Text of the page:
The Soho Tavern was first listed in 1815 under the stewardship of Jonathan Pollard, and was probably on the southern side of the Ashton Canal, facing what was then the Soho Foundry and Pollard's cotton mill on the other side of the canal. An 1835 robbery at the pub by an opportunist drinker, who slipped upstairs and nicked £48 from desk drawers, was described in the Manchester Guardian, which pithily added, "It really is surprising, after the various robberies of this kind which have recently been committed, that a publican should have so little prudence as to place his money upstairs where it can so easily be stolen". The Soho Tavern closed around 1870 . It was probably not far from where the tram tracks are currently being laid as the Eastlands- and Droylsden-bound Ashton line passes under Great Ancoats Street.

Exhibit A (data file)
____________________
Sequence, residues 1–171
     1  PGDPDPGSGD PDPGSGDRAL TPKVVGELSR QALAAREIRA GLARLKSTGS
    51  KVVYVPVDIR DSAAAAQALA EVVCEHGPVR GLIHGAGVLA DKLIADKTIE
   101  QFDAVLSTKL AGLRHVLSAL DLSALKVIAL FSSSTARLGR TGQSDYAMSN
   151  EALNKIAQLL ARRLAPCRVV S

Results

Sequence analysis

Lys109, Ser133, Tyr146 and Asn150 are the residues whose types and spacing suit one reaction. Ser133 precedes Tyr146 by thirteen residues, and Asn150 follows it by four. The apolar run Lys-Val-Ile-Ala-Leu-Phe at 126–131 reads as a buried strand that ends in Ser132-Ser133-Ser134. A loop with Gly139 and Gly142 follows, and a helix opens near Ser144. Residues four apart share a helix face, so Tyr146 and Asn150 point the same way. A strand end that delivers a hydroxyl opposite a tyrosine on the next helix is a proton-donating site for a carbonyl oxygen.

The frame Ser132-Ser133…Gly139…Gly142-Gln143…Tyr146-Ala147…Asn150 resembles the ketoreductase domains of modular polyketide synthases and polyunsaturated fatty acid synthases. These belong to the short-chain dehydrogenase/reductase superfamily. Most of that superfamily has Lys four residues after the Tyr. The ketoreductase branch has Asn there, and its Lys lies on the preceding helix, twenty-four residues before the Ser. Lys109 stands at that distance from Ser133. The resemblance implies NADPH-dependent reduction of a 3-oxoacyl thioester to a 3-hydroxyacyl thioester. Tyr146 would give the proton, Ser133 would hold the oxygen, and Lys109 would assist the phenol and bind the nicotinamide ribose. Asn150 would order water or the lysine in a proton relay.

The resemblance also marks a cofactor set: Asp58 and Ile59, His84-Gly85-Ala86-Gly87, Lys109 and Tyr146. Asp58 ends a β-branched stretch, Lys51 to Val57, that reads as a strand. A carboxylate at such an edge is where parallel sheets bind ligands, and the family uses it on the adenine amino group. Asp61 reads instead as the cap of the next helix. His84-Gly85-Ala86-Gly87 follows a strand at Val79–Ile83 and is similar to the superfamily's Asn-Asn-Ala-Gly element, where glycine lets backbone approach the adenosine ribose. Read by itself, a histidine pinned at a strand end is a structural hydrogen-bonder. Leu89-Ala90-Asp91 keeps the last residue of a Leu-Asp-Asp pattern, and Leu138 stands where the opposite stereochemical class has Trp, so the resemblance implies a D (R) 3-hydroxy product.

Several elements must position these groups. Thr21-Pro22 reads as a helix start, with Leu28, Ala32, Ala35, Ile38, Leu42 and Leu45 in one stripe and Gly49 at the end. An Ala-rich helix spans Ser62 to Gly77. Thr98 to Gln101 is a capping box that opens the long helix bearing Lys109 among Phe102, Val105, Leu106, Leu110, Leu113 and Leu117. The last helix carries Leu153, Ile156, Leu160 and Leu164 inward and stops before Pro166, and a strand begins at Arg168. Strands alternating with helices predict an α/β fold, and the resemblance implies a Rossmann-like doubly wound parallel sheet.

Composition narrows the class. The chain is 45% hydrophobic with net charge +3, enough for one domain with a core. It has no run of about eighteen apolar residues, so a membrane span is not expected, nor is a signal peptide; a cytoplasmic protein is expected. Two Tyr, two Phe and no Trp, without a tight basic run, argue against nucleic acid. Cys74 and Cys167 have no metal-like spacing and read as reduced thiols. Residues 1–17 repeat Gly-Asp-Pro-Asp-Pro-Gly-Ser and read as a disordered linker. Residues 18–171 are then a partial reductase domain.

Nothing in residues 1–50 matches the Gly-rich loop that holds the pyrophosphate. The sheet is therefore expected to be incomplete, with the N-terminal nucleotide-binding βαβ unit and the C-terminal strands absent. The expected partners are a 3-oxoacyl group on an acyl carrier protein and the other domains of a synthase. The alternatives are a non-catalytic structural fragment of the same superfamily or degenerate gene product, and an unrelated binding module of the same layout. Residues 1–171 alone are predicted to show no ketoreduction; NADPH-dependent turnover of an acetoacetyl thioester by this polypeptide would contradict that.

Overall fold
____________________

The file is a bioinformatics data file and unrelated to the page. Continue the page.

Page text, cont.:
Former location of Soho Tavern, Great Ancoats Street. (c) Google 2010. View Larger Map.
1. The Old Pubs of Ancoats, Neil Richardson (1987).